Risk, rhetoric, and response
: effective communication with at-risk groups to improve health outcomes during an influenza pandemic

Student thesis: Doctoral ThesisDoctor of Philosophy


Pandemic influenza poses a significant risk to public health and safety, though not every population group will be equally at-risk. It is therefore important to study how communication with the public can be used to encourage the uptake of protective behaviours both in the public at large and, particularly, with at-risk groups, in order to improve health outcomes during a future pandemic. The aim of this project is to understand the likely perceptions of risk, behavioural responses, and communication needs for groups who may be particularly at risk during an influenza pandemic. Using an analytical framework based on Protection Motivation Theory and the COM-B model, this project examines two potentially at-risk groups. Older adults (>70 years) are traditionally considered at-risk or vulnerable during extreme events whilst younger adults (18-25 years) are not. In the event of an influenza pandemic, however, there is the potential for older adults to be less affected than with seasonal influenza whilst younger adults may find themselves at greater risk. By exploring perceptions of risk and vulnerability and likely behavioural response in these groups, this project aimed to determine how public health communication can be adapted to result in better health outcomes in the event of a future pandemic. 
Following a review of relevant published literature and emergency preparedness planning guidance, interviews were conducted with emergency planners responsible for universities, facilities catering to older adults, London boroughs, and the UK in order to gain a better understanding of existing pandemic planning challenges. Individual and small group interviews were then conducted with London-based university students and older adults to better understand their perceptions of risk, likely responses and communication needs during an influenza pandemic. Participants across both population groups were largely consistent in their perceptions of at-risk groups. Whilst participants were broadly open to adopting protective behaviours, social isolation received slightly more support amongst older adults. Additionally, preferred communication methods varied between the population groups with older population favoured traditional communication methods rather than new media. A further set of interviews were then conducted with an older adult population group to test the effectiveness of providing information to address likely misperceptions about risk profiles as identified in Phase 1. Participants in this second set of interviews expressed similar views around risk perception, behavioural intent and communication needs as the first set of interviews. Participants in the second phase of interviews were divided into two groups with Group B receiving additional information on public health decision making. Participants in both groups expressed a desire for further explanatory information but participants in Group A were more inclined to assume utilitarian rather than risk-based motivations thereby highlighting the importance of effective communication with the public during an extreme event.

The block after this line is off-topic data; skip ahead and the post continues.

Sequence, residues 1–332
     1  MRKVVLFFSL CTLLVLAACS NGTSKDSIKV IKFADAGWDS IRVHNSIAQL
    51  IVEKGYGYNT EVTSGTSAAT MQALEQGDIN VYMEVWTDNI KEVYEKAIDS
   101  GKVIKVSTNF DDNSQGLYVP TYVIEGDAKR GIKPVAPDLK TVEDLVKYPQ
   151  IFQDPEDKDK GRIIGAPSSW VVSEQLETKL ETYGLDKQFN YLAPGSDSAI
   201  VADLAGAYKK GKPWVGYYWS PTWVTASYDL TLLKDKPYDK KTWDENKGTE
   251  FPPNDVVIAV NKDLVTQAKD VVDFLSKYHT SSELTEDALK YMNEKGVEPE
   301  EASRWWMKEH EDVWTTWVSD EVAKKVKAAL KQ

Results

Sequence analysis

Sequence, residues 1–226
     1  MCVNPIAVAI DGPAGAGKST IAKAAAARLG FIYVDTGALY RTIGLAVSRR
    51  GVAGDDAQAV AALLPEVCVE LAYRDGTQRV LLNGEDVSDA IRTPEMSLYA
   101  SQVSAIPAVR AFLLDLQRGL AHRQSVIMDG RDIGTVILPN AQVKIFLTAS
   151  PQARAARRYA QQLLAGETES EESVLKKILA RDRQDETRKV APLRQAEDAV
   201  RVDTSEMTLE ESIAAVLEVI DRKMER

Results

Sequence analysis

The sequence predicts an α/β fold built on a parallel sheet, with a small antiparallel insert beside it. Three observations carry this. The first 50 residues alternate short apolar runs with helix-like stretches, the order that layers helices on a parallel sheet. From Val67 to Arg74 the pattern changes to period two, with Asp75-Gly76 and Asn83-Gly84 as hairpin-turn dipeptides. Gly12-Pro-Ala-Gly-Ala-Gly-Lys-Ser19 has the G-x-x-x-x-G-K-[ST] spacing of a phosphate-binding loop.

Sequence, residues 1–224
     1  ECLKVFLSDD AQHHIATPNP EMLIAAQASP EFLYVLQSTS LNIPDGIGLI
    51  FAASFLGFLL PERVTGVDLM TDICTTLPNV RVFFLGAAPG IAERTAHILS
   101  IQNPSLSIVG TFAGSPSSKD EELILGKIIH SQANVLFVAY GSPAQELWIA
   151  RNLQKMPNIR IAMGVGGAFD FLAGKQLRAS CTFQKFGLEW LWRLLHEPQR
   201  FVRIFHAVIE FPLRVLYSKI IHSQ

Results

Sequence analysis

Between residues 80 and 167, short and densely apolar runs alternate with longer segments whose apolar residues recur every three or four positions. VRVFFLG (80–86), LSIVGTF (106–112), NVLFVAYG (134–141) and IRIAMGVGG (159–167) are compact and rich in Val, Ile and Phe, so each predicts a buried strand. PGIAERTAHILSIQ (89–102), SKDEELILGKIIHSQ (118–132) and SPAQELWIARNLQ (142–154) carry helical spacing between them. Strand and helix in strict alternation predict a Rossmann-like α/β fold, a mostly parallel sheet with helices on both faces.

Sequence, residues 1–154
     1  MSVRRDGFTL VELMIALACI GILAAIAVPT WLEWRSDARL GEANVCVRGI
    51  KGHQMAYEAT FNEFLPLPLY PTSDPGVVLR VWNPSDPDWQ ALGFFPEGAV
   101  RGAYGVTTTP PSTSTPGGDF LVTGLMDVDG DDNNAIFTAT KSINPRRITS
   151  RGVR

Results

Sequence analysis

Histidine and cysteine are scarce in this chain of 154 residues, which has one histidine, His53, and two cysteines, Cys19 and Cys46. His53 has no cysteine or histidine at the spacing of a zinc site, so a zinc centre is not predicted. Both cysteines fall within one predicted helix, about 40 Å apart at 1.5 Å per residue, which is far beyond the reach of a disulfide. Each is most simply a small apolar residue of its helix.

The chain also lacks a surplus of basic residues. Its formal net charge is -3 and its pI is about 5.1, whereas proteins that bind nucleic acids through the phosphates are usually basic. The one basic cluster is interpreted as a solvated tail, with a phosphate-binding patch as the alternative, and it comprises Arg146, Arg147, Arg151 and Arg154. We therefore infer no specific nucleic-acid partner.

The findings of this research would suggest that perceptions of response and selfefficacy around recommended protective behaviours are consistently high amongst older and younger adults. Social isolation, however, appears to be the most challenging behaviour to adopt, particularly for younger adults. Additionally, both older and younger adults expressed similar perceptions of at-risk groups. Information needs vis-a-vis content were consistent between the population groups and in line with practitioner assumptions. Preferred media routes, however, varied between older and younger adults, highlighting the need for a multi-media approach to communication in a pandemic.
Date of Award1 Feb 2020
Original languageEnglish
Awarding Institution
  • King's College London
SupervisorJulia Pearce (Supervisor) & Richard Amlot (Supervisor)

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